Staff No-Shows Prompt Evacuation of California Nursing Home

More than 80 patients were moved from the nursing home. The state licensing board will review if the employee no-shows could rise to the level of abandonment.

Staff No-Shows Prompt Evacuation of California Nursing Home

Riverside, California – Eighty-three patients were moved from Magnolia Rehabilitation and Nursing Center to other locations across Riverside County on Wednesday after employees at the facility did not show up to work two days in a row, presumably out of fear for their own safety.

Only one of the 13 certified nursing assistants at the nursing home who were scheduled to be on duty came to work. The employees who didn’t show up were infected with COVID-19, reports the Press Enterprise. At Magnolia Rehabilitation, 16 staff members have tested positive, six were negative and 130 employee tests are pending. Thirty-four patients tested positive and 47 tested negative.

On Wednesday morning, Dr. Cameron Kaiser, the county’s public health officer, determined Magnolia Rehabilitation needed to be evacuated. Thirty-three licensed vocational nurses and registered nurses from Riverside University Health System and Kaiser Permanente were assigned to the nursing home, reports KTLA.

Regarding Magnolia’s employees not showing up for work, Kaiser said they needed to stay at their posts. “I am concerned this could rise to the level of abandonment, no matter how justified the reasoning might be, and the state licensing board will have to determine [that].”

The county says facilities receiving Magnolia’s patients will not admit new patients. Staff won’t be allowed to work at other facilities, patients testing positive for COVID-19 will be isolated and all staff will use personal protective equipment, reports the Press Enterprise.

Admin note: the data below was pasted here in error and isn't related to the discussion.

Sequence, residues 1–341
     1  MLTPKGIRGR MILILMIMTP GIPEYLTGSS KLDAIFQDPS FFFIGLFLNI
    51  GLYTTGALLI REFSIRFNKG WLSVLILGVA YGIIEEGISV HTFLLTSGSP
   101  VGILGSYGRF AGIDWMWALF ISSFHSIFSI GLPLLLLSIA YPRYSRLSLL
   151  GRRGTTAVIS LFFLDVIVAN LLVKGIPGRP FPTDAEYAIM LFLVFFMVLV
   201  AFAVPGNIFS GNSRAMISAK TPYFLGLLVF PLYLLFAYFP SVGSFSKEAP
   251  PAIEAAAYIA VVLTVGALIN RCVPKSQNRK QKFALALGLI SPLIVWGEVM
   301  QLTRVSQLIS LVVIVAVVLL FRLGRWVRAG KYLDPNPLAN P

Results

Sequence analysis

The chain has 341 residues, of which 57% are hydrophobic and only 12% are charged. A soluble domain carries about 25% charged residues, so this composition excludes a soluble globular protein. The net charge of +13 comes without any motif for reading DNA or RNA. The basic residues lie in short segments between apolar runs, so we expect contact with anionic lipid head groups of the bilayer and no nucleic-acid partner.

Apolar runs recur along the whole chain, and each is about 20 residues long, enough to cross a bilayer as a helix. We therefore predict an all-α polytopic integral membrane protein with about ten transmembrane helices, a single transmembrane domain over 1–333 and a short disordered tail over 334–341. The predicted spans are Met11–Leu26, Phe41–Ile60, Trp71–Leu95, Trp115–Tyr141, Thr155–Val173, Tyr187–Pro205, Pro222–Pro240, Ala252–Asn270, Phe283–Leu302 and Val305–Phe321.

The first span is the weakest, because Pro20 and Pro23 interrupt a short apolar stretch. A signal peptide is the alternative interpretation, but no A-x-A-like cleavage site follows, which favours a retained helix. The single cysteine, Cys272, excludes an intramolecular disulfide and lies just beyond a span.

Other parts of the country are experiencing a steep increase in coronavirus cases in nursing homes.

More than half of the nursing homes in New Jersey have at least one case, and at a home near Richmond, Virginia, 33 have died, reports CBS News. Los Angeles County is now advising residents to consider moving their family members out of nursing homes.

If you appreciated this article and want to receive more valuable industry content like this, click here to sign up for our FREE digital newsletters!

About the Author

robin hattersley headshot

Robin has been covering the security and campus law enforcement industries since 1998 and is a specialist in school, university and hospital security, public safety and emergency management, as well as emerging technologies and systems integration. She joined CS in 2005 and has authored award-winning editorial on campus law enforcement and security funding, officer recruitment and retention, access control, IP video, network integration, event management, crime trends, the Clery Act, Title IX compliance, sexual assault, dating abuse, emergency communications, incident management software and more. Robin has been featured on national and local media outlets and was formerly associate editor for the trade publication Security Sales & Integration. She obtained her undergraduate degree in history from California State University, Long Beach.

Leading in Turbulent Times: Effective Campus Public Safety Leadership for the 21st Century

This new webcast will discuss how campus public safety leaders can effectively incorporate Clery Act, Title IX, customer service, “helicopter” parents, emergency notification, town-gown relationships, brand management, Greek Life, student recruitment, faculty, and more into their roles and develop the necessary skills to successfully lead their departments. Register today to attend this free webcast!

Leave a Reply

Your email address will not be published. Required fields are marked *

Get Our Newsletters
Campus Safety Conference promo